Standard pallets were made from farm-grown hybrid poplar and tested for durability compared to those made from other wood species and other pallet designs. Hybrid poplar had the advantages of shorter growth rotations, easier harvest, and lighter-weight pallets. However, the lower wood density of hybrid poplars make the pallets more susceptible to failure, especially when combined with lower quality nails or fasteners.
Dr. Catherine Brewer, Assistant Professor, Chemical and Materials Engineering, New Mexico State University (NMSU), Las Cruces, New Mexico, collaborated with Drs. Delia Valles-Rosales (NMSU), Koffi Djaman (Agricultural Science Center (ASC), Farmington, NM), and Michael O’Neill (ASC) to study ways to improve the sustainability of wood products in the south central region: using fast-growing hybrid poplar from farms instead of pine or Aspen harvested from forests, converting wood residues to biochar and renewable heat energy through the use of pyrolysis in production facilities, and using woody residue biochar to improve soils used to grow hybrid poplar.
Woody residue sources and amounts within the pallet production facility were modeled to evaluate waste reduction options and the cost-benefits of adding a pyrolysis process. An Arena software facility model was constructed for the pallet production process, including material flows, waste amounts, and worker time.
“Potential process changes can now be inputted into the model to estimate production outcomes as a decision making tool,” Brewer said. “Modeling results of the pallet production facility will be used to make recommendations for facility layout and waste management options,” Brewer added.
Several dozen pallets were also produced from hybrid poplar, which included enough standard pallets to enable comprehensive durability tests and to construct pallet performance computer models, and enough pallets of several sizes to enable in-application testing of the pallets by the pallet company’s customers.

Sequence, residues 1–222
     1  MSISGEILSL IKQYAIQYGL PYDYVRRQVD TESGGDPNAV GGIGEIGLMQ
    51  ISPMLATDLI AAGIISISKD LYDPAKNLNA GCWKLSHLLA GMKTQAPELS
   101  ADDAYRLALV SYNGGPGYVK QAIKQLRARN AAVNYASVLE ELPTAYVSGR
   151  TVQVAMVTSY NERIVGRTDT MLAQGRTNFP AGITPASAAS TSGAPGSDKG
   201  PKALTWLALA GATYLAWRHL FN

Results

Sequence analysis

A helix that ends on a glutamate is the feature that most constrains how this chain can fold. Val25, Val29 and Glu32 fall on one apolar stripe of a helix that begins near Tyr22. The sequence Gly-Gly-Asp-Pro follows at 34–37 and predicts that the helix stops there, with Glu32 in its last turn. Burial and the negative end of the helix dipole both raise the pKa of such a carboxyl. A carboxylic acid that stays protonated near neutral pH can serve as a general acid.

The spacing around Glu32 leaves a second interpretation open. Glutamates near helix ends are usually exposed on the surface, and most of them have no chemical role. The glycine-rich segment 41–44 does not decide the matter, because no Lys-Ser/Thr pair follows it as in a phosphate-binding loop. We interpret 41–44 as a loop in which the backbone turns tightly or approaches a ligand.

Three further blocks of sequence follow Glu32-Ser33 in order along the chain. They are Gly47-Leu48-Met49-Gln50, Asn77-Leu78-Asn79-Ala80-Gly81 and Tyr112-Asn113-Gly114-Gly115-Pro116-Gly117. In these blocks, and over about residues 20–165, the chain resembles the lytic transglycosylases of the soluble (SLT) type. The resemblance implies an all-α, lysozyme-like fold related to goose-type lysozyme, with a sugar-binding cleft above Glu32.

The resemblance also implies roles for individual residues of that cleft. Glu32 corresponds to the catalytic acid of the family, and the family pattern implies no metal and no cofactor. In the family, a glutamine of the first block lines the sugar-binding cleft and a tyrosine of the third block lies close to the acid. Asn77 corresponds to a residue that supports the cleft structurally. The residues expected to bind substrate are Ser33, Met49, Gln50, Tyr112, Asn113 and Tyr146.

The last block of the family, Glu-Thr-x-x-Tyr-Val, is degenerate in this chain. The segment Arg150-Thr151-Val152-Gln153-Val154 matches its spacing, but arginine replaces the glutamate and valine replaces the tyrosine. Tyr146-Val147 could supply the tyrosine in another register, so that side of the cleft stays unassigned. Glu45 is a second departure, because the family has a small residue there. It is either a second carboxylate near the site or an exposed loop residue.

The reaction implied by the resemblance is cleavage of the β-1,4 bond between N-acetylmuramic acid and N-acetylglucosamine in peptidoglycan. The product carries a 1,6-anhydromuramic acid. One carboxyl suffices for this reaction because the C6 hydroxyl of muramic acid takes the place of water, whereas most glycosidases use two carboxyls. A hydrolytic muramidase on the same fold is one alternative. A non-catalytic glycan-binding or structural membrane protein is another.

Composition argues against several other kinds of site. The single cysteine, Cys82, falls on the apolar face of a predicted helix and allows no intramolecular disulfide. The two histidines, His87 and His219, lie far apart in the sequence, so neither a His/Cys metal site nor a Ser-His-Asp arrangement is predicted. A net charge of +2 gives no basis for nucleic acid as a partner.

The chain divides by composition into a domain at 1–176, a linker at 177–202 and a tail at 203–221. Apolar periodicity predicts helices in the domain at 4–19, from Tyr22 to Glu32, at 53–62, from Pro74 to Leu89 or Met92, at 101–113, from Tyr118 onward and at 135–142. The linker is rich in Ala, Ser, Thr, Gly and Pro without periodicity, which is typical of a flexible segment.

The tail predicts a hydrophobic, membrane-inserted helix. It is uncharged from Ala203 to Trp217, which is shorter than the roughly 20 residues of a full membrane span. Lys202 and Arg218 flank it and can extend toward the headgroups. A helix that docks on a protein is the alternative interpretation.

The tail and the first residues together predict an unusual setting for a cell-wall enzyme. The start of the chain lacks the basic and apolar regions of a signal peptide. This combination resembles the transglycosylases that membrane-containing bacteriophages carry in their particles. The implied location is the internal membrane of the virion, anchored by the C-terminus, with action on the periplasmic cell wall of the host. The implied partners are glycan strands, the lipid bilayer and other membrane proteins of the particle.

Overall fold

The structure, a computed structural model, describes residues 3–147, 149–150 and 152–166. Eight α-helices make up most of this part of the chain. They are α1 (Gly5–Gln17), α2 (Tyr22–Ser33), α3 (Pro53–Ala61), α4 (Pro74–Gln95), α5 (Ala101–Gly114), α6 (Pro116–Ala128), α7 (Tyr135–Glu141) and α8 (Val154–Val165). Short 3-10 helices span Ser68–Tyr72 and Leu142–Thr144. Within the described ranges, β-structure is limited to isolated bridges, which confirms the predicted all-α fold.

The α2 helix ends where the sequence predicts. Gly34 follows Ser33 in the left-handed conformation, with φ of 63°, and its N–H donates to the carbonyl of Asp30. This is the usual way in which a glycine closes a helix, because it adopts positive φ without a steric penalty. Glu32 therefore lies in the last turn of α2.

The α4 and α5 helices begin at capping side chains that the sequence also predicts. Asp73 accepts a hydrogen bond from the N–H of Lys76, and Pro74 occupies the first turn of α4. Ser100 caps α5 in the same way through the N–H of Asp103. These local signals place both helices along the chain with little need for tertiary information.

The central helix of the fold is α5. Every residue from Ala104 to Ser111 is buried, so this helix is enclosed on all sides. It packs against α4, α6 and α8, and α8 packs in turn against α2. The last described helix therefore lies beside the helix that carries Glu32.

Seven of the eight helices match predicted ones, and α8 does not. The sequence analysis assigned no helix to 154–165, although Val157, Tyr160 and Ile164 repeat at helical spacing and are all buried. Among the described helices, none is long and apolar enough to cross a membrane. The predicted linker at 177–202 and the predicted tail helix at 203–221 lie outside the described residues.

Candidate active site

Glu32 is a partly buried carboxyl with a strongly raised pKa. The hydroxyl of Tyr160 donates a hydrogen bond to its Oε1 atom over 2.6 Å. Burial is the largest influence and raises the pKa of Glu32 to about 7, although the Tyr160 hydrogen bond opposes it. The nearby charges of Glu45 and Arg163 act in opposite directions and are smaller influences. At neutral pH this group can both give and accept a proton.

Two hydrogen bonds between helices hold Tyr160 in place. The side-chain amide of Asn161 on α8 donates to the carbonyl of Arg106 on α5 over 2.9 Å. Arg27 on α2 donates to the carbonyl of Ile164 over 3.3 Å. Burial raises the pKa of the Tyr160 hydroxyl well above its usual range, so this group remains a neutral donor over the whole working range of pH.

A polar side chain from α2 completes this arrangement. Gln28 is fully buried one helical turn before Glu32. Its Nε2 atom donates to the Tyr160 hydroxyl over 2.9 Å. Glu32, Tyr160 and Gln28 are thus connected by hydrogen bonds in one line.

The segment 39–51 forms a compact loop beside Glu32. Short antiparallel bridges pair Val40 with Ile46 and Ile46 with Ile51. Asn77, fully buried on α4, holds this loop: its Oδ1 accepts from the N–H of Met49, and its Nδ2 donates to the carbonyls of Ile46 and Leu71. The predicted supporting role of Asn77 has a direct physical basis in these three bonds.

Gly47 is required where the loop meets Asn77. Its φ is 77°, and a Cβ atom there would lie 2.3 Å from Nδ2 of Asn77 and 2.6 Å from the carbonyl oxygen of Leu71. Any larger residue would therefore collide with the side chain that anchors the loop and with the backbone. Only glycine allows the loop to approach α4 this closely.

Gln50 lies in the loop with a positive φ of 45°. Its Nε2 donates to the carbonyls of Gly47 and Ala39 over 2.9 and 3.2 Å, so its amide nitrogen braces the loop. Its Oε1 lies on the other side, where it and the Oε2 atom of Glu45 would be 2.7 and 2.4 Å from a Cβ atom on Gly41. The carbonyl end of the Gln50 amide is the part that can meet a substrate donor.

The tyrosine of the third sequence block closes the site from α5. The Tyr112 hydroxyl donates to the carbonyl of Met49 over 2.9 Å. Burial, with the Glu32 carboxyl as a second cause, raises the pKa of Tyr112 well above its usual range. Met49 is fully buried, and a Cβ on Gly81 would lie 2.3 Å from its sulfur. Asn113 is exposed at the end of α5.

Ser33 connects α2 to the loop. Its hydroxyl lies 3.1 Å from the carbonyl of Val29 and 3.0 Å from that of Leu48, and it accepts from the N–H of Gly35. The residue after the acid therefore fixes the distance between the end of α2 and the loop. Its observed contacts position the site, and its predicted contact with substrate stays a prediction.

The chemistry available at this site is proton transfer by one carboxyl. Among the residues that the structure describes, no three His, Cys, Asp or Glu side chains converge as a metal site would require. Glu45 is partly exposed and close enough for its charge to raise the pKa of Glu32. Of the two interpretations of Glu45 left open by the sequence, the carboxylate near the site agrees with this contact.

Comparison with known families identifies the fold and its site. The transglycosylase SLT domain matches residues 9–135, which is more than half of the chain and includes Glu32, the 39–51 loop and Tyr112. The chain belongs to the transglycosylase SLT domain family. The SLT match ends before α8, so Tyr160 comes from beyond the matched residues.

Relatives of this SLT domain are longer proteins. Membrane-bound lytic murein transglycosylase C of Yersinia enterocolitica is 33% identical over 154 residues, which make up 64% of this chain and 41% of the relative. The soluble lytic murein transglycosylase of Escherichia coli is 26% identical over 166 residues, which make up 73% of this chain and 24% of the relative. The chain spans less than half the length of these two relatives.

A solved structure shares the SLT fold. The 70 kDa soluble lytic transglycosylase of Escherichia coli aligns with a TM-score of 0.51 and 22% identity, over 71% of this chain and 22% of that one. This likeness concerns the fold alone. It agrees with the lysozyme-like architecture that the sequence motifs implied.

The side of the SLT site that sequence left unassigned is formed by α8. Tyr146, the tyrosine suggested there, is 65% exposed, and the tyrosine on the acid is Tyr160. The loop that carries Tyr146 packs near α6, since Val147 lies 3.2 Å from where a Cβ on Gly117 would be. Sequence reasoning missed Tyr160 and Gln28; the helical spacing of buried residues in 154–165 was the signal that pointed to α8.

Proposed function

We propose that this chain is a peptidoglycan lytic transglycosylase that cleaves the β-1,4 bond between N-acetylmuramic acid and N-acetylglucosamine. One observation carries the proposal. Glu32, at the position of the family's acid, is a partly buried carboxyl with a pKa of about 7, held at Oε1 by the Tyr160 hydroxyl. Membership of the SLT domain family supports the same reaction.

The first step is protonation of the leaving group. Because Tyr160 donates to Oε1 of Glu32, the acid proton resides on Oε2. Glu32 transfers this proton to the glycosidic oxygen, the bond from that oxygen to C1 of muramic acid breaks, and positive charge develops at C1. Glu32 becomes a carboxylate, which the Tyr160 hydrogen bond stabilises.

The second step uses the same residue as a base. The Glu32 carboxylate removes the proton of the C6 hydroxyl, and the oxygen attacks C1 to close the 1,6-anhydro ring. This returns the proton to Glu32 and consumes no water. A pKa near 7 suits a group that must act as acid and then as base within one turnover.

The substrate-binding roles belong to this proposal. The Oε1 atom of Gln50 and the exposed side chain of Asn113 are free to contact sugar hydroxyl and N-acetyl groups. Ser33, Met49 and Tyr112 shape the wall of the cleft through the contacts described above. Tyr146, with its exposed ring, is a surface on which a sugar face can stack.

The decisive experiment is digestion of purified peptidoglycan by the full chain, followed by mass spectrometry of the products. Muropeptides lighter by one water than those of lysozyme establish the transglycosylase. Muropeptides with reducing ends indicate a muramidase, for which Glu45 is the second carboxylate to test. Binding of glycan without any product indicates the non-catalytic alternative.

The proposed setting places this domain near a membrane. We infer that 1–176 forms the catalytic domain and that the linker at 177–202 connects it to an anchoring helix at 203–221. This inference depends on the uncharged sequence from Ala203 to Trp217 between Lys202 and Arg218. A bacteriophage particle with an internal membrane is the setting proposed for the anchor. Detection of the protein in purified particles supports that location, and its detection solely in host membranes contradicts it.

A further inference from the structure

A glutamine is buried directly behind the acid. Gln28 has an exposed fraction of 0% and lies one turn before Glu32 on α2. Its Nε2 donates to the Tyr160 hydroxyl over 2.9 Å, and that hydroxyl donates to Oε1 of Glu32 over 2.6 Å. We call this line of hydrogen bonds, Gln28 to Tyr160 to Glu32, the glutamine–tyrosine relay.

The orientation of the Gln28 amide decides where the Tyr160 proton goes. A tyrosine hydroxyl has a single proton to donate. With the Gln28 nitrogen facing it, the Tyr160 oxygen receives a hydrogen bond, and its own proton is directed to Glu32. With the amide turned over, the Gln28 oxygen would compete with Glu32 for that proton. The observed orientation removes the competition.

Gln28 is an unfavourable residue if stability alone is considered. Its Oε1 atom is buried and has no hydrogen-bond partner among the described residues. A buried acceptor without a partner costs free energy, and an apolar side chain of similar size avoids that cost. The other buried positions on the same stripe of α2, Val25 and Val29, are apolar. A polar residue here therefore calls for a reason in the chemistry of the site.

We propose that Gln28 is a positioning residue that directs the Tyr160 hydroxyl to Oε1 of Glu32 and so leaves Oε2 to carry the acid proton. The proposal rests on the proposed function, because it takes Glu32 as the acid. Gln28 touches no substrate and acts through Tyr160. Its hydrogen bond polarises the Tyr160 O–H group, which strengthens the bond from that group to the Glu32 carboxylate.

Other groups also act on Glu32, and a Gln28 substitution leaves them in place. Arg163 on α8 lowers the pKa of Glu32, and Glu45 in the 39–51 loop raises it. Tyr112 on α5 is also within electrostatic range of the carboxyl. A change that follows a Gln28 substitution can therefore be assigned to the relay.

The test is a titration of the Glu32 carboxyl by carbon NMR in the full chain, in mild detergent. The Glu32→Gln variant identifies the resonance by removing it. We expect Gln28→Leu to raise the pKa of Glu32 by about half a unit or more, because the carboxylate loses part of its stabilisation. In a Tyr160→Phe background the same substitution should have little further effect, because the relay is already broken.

“Durability tests and modeling results of the hybrid poplar shipping pallets will be used for recommendations to pallet manufacturers about what properties to seek in farm-raised hybrid poplar, and what adjustments must be made in pallet design and fastener selection to maximize pallet performance,” Brewer said.
“Feedback from the pallet performance model and the customer application tests indicate that further development of hybrid poplar pallets is warranted and of interest to pallet users,” Brewer stated. “The pallet company is now exploring more options for local woody feedstocks and for investments to reduce and better use current wastes. Our industry partners are more engaged with research and development, asking more questions to find out what could be done to improve their business outcomes in the long term,” Brewer added.
“We also used biochar from excelsior residues to amend an alkaline agricultural soil, which was used to grow hybrid poplar and was irrigated at two different levels,” Brewer said. Early tree growth and changes in soil properties were measured over two growing seasons to evaluate the potential of biochar application in arid Southwest agroforestry systems. “There was a positive trend observed in soil water use efficiency and increased tree leaf growth in our study, though not statistically significant; we will use this result to guide our on-going longer-term and future biochar application studies in agroforestry,” Brewer added.
Funding of this project was provided by the U.S. Department of Agriculture-National Institute of Food and Agriculture (USDA-NIFA) through the South Central Sun Grant Program.